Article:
Thursday, June 26, 2008

young workers

Here's one of three girls that were selling snacks in Chacahua, the surf camp we went to in the state of the Oaxaca

Things we see

Scenes from Mexico

The first shot is of one of the tiny villages where we anchored, south of Puerta Vallarta. The second photo is above Bufadero Bay where Nomad was for 6 weeks.


Here's a couple of shots Brian took at one of the surf spots he found.

Just kidding, the crocodile was seen on a ride up into an estuary somewhere else.

Cliff Divers of Acapulco

Cliff Diving....ahh. just like it used to be at Casa Bonita restaurant in Denver Colorado when I was a kid. Just kidding. it wasn't much like it except the diving part. No ladies in distress, no gorillas chasing anyone. There WERE street vendors pushing carts of homemade icecream. We walked up to watch the diving from the cheap side of the highway with our binoculars. About 8 different men or boys climbed around on the rocks and dove into a narrow place in between two protruding fingers of the cliff. We found out that not only are they diving from very high up, they are also diving into relatively shallow water. They time their jumps to land when a swell has just come in so that the water will be deep enough.

We were happy to leave Acapulco (see previous post on Thursday May 22) but were glad we saw this the evening before.

Captain Vicente

This is our fish barbecue by the lake just outside of Acapulco. Vicente was a boat captain we met. He invited us home to hang out with him and others of his friends next to the lake near his house. The fish was incredible and I got to ride a jet ski for the first time, with Vicente's son teaching me.

Thursday, June 5, 2008

Chachalacas and More

The large birds that sound like gobbling turkeys in the now-green forests around the marina are Chachalacas - Plain Chachalacas or Wagler's Chachalacas, according to Plate 23 in Princeton's "Birds of Mexico and Central America". When we arrived here 13 days ago, the hills were brown and the tops of trees looked crisp in the heat. All that changed within 2 days of the advent of the rain. Lush jungle surrounds us. Plumeria blossoms add white polka dots to the green canopy, and the wild sounds of whirring bugs and chattering birds remind us that this town was a jungle less that 25 years ago.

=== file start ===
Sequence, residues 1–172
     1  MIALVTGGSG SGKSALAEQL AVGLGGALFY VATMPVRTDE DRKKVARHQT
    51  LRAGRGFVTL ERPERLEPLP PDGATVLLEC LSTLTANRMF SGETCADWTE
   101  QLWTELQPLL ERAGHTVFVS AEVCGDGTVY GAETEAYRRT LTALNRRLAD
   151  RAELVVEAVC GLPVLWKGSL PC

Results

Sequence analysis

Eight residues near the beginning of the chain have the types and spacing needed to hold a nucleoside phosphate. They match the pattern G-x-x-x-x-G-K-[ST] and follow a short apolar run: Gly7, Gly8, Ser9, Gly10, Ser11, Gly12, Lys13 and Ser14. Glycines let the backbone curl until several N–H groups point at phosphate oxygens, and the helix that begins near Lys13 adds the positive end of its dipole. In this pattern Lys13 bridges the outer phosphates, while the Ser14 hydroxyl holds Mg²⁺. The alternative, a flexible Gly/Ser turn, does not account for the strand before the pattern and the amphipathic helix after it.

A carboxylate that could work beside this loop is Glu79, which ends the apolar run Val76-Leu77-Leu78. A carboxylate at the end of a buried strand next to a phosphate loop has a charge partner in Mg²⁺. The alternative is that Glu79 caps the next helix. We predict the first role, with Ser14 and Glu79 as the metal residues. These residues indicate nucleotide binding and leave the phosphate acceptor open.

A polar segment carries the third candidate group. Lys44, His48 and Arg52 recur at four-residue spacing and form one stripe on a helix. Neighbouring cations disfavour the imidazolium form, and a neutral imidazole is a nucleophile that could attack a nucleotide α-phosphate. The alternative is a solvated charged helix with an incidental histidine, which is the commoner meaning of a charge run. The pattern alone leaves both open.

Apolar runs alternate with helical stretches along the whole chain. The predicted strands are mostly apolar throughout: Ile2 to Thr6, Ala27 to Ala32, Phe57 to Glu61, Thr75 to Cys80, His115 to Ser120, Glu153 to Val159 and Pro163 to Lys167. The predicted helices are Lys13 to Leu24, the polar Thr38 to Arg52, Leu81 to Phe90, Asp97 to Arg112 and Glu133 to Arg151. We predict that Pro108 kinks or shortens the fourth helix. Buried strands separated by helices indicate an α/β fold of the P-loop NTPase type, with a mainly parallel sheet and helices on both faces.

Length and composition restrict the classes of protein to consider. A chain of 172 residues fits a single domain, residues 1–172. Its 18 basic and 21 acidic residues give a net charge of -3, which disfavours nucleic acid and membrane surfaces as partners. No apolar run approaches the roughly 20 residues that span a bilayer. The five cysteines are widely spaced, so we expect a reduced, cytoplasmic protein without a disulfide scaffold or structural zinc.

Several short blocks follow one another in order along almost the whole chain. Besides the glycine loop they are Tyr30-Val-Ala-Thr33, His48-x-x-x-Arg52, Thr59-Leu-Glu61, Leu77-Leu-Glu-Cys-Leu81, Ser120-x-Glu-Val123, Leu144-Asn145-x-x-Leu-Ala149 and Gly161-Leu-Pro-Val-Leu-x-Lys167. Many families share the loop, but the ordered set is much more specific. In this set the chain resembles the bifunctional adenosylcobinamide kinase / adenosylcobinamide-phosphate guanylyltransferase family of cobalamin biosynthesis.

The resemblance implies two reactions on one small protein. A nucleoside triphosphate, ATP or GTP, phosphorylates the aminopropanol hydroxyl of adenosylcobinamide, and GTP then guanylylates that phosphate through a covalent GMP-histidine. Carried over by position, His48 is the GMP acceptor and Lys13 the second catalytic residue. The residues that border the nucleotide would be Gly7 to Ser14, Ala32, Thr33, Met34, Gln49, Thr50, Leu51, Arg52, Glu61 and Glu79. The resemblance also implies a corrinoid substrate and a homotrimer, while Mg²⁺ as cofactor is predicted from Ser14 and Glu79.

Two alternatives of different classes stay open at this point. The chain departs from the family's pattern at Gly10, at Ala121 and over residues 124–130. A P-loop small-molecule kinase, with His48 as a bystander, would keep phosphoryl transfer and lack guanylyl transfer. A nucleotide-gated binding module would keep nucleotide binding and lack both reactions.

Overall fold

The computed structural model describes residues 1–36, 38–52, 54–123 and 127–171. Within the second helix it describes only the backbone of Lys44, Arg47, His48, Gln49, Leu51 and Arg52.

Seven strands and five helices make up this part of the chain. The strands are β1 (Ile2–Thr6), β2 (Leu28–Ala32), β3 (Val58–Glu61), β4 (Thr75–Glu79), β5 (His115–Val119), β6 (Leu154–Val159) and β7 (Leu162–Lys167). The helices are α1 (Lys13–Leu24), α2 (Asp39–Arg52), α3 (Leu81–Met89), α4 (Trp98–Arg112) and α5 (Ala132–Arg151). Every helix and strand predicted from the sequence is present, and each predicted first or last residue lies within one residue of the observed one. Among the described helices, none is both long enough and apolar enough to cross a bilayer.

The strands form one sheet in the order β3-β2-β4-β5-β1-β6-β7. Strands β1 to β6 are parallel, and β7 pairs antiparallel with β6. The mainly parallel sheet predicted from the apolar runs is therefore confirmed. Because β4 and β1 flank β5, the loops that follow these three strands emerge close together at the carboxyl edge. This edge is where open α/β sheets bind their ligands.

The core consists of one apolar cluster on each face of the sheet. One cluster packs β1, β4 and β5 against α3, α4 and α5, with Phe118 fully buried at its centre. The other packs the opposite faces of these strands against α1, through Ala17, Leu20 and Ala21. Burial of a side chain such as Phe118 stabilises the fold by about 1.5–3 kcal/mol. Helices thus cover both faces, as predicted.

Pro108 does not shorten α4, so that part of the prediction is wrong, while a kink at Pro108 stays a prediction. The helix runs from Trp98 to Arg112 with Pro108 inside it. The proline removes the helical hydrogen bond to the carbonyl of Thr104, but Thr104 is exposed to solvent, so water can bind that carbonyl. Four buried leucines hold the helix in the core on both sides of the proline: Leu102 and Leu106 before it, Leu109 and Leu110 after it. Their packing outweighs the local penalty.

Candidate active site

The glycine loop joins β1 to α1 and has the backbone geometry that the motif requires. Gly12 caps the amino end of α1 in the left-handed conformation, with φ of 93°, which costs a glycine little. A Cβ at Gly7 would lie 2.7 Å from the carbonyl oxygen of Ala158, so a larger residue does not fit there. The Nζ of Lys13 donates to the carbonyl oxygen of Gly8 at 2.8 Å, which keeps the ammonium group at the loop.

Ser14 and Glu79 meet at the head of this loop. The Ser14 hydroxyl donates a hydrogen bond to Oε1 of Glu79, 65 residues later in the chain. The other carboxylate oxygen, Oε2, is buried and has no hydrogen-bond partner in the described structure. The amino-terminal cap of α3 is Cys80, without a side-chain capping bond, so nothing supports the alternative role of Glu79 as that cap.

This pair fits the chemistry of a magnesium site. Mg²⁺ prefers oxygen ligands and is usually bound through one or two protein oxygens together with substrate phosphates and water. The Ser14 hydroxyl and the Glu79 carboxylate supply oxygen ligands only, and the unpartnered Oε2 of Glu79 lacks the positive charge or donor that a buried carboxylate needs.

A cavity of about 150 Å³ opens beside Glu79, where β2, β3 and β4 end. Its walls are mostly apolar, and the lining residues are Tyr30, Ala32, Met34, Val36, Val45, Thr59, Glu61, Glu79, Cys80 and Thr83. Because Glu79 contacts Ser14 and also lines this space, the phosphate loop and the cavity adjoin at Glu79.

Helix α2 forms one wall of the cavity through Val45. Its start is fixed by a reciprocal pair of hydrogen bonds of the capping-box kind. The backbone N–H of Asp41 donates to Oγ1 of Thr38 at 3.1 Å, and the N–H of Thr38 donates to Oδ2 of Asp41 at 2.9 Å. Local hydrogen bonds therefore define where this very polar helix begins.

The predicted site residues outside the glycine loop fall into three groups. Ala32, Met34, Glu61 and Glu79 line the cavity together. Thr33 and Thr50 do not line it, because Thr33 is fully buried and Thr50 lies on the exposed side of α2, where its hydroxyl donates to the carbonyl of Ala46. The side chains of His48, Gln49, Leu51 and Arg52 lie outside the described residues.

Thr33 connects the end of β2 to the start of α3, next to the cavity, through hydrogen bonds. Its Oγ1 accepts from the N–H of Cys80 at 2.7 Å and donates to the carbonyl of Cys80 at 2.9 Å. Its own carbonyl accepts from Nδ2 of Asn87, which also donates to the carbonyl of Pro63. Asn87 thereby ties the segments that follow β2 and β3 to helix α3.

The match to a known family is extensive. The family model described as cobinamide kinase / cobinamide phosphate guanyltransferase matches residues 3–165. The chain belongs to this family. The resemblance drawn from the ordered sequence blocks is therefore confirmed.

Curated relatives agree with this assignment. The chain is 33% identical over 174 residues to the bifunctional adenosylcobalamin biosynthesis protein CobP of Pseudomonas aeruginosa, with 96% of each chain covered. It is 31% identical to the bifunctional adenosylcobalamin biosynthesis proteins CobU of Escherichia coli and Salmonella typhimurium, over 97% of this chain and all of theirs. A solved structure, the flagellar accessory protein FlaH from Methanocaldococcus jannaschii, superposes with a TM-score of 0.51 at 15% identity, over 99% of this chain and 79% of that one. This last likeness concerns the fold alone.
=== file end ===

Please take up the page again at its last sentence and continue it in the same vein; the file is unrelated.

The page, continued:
All day long, Spanish Mackerel leap out of the marina water, expose their white bellies and splash back down. Puffer fish, indigo adults with white spots and gold juveniles with brown spots, graze along the edges of the docks. Great Kiskadees and Grackles fly between coconut palms.

We've been accepted into the small community of sailors here who are also en route to elsewhere, waiting for the hurricane season to come and go. Going on walks with the ladies, sharing cabs to the downtown, being invited to a surprise birthday party, and borrowing tools are welcome signs that we are in a community again-albeit temporary.

We celebrated our 6th year of marriage on June 1 by taking an early morning hike to a small beach enclosed by hills and going swimming. We did no boat projects that day - a true celebration!

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Monday, June 2, 2008

Huatulco, Mexico

We are settled in to Marina Chahue which is a small
Marina in the new town of Huatulco, Mexico. It is a
planned tourist town that was built specifically to
attract tourists, just like Cabo, Cancun, and Ixtapa
Mexico all were. It is however much quieter and
smaller than those places.
Brian and I are working on many projects that were
difficult or impossible to do for the last few months
while we were anchored in various places.
We have taken time off of these projects to play in
the rain (it´s rainy season), swim in the crystal
clear ocean, take a bus north to a rural surf spot,
get to know the other cruisers in the marina, and to
celebrate our 6th wedding anniversary.

One of the highlights lately, was the taxi ride we
took out through rural coconut and papaya fields to
get to the surf camp. Our taxi driver and 6 other
people crammed into his small car and we drove around
dropping people off in small villages en route to the
beach. A couple of miles before getting to the beach
we had to avoid a coconut tree log across the road.
Our taxi driver had an animated conversation with the
log´s cutter and pulled over to the side. "You want
coco?" He asked us. Of course we did. He dug a
machete from under his seat and started whacking
coconuts off of the fallen tree. He opened 2 up and
handed them to us. They were delicious! Next Brian
and the taxi driver helped roll the log to the side of
the road for the tree cutter to chop into smaller
pieces. Soon we were on our way.

We are getting the boat ready to leave it for the next
2 months. We arrive in California on June 15. Brian
will be working with Appko part time and doing side
jobs. I¨ll be working for the same Alternative High
School where i´ve been for the last few years. LOoking
forward to spending time with friends and family!